I was inspired by the intelligence, experience, knowledge and spiritual insight of our Presbyterian Women leadership. The meeting improved my understanding, affirmed my worth and purpose, focused my attention on mission and service objectives, and provided opportunities for all to share their challenges and accomplishments.
For me, the joy is seeing how even seemingly insignificant offers of hospitality are deeply significant for people who simply want to be welcomed home, who have done their time and who deserve to be reintegrated into the community in a loving and respectful way. A little goes a long way. Think of a person who’s just getting out of prison. Think of what they need: that first set of clothes, first set of clean underwear, a birth certificate, a government-issued ID, a safe place to live, trauma resources, job interview training.
“The Prison Ministry Network is our challenge to the faith communities to live out the gospel in very specific ways and to stand in the gap,” says Shaw, who believes that hope relies on the volunteer power of communities coming together. “More than ever, our churches are needed.”
How many pastors find there’s something major they encounter in their first call that no one in seminary had prepared them for? Just about everyone. The first few years of a pastor’s ministry can be extremely stressful as they negotiate new terms of call, copy machines, pastoral care issues, boundaries in friendships and relationships, and the list goes on. The Early Ministry Institute (EMI) of the Synod of the Northeast is designed to help alleviate that stress and support a pastor during their first few years of ministry.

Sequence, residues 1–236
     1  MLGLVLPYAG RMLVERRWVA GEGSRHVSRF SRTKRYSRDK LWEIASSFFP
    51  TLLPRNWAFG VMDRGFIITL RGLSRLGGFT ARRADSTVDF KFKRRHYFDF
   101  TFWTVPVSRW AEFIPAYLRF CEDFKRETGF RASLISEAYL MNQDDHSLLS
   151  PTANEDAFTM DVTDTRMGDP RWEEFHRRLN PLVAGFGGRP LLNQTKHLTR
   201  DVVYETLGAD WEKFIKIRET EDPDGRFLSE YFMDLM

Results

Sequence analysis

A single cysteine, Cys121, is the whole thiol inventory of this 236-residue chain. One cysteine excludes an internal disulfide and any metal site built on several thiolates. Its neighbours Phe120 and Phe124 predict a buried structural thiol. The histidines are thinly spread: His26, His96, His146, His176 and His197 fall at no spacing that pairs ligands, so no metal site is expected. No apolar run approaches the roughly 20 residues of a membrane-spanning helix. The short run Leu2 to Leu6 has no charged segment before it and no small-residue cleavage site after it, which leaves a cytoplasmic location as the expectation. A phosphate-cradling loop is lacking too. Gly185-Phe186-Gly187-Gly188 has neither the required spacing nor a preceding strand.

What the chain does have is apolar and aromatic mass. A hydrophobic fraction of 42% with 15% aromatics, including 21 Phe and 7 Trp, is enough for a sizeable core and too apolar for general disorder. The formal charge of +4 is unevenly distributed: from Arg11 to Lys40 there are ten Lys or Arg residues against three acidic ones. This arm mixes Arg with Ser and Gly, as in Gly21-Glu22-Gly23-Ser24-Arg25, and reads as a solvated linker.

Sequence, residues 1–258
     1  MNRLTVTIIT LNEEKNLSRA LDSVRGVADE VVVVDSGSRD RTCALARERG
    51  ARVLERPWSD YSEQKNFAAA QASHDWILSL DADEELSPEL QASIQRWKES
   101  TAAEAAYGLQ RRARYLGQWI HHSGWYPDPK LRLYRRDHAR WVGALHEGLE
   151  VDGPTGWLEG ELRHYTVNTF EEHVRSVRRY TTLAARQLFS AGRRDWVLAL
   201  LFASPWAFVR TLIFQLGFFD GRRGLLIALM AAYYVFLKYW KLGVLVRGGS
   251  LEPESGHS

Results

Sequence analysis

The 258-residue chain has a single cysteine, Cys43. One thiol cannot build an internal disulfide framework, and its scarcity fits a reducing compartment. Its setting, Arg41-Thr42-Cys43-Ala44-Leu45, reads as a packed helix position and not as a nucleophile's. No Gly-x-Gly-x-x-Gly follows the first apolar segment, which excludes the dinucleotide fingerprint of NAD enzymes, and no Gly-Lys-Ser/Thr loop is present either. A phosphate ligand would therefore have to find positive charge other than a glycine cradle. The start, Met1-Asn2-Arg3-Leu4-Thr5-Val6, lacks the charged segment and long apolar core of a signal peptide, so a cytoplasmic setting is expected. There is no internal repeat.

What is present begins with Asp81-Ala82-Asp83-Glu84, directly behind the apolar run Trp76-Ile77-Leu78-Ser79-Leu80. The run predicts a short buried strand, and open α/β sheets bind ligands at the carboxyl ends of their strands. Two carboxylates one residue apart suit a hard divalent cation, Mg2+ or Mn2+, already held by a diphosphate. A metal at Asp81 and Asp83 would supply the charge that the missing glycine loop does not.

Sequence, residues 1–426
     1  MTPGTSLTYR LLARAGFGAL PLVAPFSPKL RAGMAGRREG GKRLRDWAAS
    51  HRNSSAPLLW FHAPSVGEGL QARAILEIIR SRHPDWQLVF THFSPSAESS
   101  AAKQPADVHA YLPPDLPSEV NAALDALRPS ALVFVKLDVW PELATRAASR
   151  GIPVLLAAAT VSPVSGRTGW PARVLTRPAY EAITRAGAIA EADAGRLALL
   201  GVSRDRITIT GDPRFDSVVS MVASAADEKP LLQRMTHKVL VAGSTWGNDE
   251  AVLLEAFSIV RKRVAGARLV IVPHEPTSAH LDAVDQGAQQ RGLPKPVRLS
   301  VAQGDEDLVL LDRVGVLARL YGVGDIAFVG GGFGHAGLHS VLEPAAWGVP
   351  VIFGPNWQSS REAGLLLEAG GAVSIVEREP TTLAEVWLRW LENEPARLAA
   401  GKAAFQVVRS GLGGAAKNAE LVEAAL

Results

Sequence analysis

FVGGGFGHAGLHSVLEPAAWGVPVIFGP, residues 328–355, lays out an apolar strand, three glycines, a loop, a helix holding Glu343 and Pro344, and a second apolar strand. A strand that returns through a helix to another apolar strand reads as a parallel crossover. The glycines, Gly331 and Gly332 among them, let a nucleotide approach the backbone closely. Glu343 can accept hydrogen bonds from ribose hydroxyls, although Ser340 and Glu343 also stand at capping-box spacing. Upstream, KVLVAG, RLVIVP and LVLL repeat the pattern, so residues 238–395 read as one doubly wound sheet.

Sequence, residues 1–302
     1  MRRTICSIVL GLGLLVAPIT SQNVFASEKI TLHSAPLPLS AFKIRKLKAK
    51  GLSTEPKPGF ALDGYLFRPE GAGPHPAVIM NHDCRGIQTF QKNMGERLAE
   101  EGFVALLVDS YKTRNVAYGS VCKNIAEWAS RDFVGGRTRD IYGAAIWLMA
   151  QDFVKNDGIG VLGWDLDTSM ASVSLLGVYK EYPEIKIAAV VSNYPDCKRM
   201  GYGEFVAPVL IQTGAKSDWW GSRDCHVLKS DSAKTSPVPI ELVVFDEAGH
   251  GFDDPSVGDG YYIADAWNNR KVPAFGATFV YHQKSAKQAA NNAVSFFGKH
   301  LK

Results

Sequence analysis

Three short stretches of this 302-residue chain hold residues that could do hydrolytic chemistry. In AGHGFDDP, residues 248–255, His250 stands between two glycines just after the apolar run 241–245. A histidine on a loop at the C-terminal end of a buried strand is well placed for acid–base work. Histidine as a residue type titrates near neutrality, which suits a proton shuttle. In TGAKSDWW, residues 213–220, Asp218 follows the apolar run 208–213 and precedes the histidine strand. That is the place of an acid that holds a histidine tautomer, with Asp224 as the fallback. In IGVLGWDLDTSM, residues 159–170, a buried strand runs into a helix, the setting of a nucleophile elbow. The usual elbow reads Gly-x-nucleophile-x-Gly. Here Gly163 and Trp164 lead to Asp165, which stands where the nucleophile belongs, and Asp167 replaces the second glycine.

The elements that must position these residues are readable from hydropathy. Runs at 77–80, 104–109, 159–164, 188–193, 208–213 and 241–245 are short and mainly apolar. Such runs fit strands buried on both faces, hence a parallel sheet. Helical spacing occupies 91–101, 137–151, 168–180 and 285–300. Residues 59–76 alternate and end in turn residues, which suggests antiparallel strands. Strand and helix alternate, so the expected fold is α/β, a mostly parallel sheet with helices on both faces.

Beginning late summer or the beginning of September, the Synod of the Northeast will be looking for someone to work full-time, on a temporary basis (during a maternity leave), in the office in Syracuse. The position is Administrative Assistant to the Stated Clerk/Communications Manager. An updated position description is being prepared, as well as a salary range. More information will be forthcoming, but if you, or someone you know, might be interested in exploring this further, please get in touch with the Synod: (315)446-5990 or firstname.lastname@example.org.
Our emotions fill a wide range, from weeping and deep grief to strident anger. We continue to search for meaningful ways to respond to what we know to be a deep and devastating dysfunction throughout our nation and within our local communities. Calls come looking for ways to mobilize the witness of our regional Presbyterian community to respond to what has clearly become an epidemic of racial violence. Our Synod community has been engaged in the hard work of addressing the racial brokenness of our larger communities and the lust for weapons that seems to only be escalating.
Since the beginning of the YAV program, there have been 10 YAVs who have built partnerships in Boston. The YAVs have gone on to live their faith in a variety of ways, from attending seminary to working for Americorps, to being a children's advocate at the Virginia Poverty Law Center, to enrolling in nursing school, to working at the Women's Lunch Place in Boston, to name a few.